Rapid7 Nexpose is a vulnerability scanner which aims to support the entire vulnerability management lifecycle, including discovery, detection, verification, risk classification, impact analysis, reporting and mitigation. It integrates with Rapid7's Metasploit for vulnerability exploitation. It is sold as standalone software, an appliance, virtual machine, or as a managed service or private cloud deployment. User interaction is through a web browser. There is a free but limited community edition as well as commercial versions which start at $2,000 per user per year.
For downloads and more information,
visit the Nexpose homepage.
The product is actually not THAT bad. It does have a lot of nuances that must be learned. There tends to be a fairly large number of false positives. OUr organization has had issues with the scan engines randomly going into puase and therefore the scans will not complete until manual intervention has happened. Support refuses to acknowledge the issuie and multiple tickets have been opened. Support just closes the ticket without ANY resolution. Also, once opened, communication from support is non-existent. Buyer beware.
I have been using this product since 2011 and have found that it has improved considerably over that time.
I have 2 versions of Nexpose.
An MSSP version hosted at a data center that is used to scan thousands of IP's per month which are both internet facing and internal IP's. Internal IP's are scanned via deployed scan engines.
Clients love the clarity of the reports and that they can pass them directly to operations for remediation.
I also have the consultants version that I use during Pentests. Nexpose decreases the time needed markedly and gives me clear attack sufaces to exploit. I have tried Nessus and OpenVas, and Nexpose is far superior.
I find it interesting that very few of you will discuss the inherent issues that Metasploit has with regards to false positives. For example, the fingerprinting ability to properly identify a OS and once discovered flags vulnerability that "may" exist. i.e. DNS/Bind. Anyone in the scene knows that Rapid7 did a disservice by scooping up sploit and then not fixing it rather rapping a gui around. No tool is 100% granted however, while I would like very much to agree, on average 2 outta 22 findings are not accurate. Support has stated to ensure you are authenticating your scans. Issue there is the bad guys are not authenticating but running a similar nmap string to rapid 7 but MUCH shorter in allot of respects. Auditors use a surface scan non-AUTH method also. Remember the tool is not going to think like the bad guy, you have too.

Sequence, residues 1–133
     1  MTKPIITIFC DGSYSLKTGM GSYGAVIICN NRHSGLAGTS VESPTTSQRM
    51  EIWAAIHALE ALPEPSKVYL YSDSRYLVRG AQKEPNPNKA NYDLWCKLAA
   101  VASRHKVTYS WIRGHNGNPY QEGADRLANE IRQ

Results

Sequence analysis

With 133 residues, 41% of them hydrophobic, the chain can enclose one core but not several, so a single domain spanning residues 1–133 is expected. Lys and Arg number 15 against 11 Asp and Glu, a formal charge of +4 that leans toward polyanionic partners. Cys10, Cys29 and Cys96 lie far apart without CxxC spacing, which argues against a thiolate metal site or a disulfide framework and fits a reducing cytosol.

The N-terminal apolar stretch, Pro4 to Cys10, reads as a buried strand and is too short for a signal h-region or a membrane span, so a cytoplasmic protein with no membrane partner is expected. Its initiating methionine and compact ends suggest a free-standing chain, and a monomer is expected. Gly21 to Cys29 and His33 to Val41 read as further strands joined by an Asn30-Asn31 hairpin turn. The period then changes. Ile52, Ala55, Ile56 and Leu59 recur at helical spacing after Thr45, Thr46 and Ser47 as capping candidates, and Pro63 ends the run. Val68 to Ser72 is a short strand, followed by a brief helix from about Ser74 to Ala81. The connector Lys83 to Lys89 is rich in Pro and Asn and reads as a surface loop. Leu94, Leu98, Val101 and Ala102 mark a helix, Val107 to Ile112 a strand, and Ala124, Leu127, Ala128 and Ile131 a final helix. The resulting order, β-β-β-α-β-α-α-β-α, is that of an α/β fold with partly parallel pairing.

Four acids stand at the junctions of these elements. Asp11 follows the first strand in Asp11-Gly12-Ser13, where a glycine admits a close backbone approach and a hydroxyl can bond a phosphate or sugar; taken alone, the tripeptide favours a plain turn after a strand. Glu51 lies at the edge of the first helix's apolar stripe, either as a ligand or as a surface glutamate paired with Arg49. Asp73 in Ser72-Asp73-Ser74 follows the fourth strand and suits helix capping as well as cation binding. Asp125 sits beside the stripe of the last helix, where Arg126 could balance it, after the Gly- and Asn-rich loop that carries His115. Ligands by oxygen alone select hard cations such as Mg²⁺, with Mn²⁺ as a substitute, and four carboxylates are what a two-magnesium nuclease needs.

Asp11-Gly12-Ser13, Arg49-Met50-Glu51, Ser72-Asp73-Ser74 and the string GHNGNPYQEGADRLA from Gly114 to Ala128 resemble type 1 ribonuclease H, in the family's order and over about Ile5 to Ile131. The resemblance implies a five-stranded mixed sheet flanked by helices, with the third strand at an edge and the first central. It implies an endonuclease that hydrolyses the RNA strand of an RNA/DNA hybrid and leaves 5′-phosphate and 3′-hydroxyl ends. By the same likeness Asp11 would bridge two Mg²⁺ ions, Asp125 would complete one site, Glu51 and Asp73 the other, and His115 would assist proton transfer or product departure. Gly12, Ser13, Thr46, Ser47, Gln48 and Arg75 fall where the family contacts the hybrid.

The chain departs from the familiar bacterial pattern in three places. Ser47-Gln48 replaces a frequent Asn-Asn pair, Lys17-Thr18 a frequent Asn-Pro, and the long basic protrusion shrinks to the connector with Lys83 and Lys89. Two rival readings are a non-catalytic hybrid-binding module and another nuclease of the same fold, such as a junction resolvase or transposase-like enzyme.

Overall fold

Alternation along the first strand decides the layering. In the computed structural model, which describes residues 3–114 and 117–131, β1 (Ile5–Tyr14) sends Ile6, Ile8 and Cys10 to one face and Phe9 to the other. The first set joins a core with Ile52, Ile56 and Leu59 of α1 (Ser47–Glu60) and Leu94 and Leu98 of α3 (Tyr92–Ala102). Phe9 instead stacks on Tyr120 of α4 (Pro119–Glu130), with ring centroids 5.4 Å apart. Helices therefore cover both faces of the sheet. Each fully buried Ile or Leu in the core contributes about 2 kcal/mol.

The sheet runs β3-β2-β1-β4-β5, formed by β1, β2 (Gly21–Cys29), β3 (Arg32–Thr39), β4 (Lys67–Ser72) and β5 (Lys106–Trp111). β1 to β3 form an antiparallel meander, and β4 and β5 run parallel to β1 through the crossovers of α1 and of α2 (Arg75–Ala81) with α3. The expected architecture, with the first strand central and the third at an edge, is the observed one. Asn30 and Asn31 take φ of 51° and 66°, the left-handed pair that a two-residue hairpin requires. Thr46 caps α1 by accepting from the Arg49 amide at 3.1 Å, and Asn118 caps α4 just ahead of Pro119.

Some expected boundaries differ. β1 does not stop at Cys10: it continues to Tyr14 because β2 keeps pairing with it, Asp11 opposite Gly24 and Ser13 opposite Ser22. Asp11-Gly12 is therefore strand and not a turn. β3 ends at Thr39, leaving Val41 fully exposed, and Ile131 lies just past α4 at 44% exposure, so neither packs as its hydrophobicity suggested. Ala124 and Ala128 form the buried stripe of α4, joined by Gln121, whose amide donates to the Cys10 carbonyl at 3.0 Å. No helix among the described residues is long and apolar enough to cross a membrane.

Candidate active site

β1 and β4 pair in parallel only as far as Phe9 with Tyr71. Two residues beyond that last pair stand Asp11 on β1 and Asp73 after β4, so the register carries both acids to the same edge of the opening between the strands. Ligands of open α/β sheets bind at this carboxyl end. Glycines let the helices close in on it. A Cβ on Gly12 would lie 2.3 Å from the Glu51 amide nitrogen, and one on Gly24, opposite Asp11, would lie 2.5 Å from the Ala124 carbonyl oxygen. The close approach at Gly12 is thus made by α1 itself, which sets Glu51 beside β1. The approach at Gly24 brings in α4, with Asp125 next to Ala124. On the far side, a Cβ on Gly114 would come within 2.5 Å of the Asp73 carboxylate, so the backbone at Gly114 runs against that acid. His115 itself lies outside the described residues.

This scanner has been nothing but a pain. Keep getting error messages every time I attempt to scan. “The scan cannot be completed. Java.Runtime error suse-.xml.” I tried uninstalling java and reinstalling it, I don’t know what else to do. I contacted Rapid 7 as there is nothing in their support forms. Haven’t heard back. Anyone else encounter this? If so how did you fix it?
I have been using Nexpose in a large enterprise environment for well over a year and have had great success with the product. The secret is to ensure scans are authenticated so that all possible vulnerabilities can be identified. One thing to keep in mind, not all vulnerabilities are risks in every environment. Take the time to get to know your tool!!!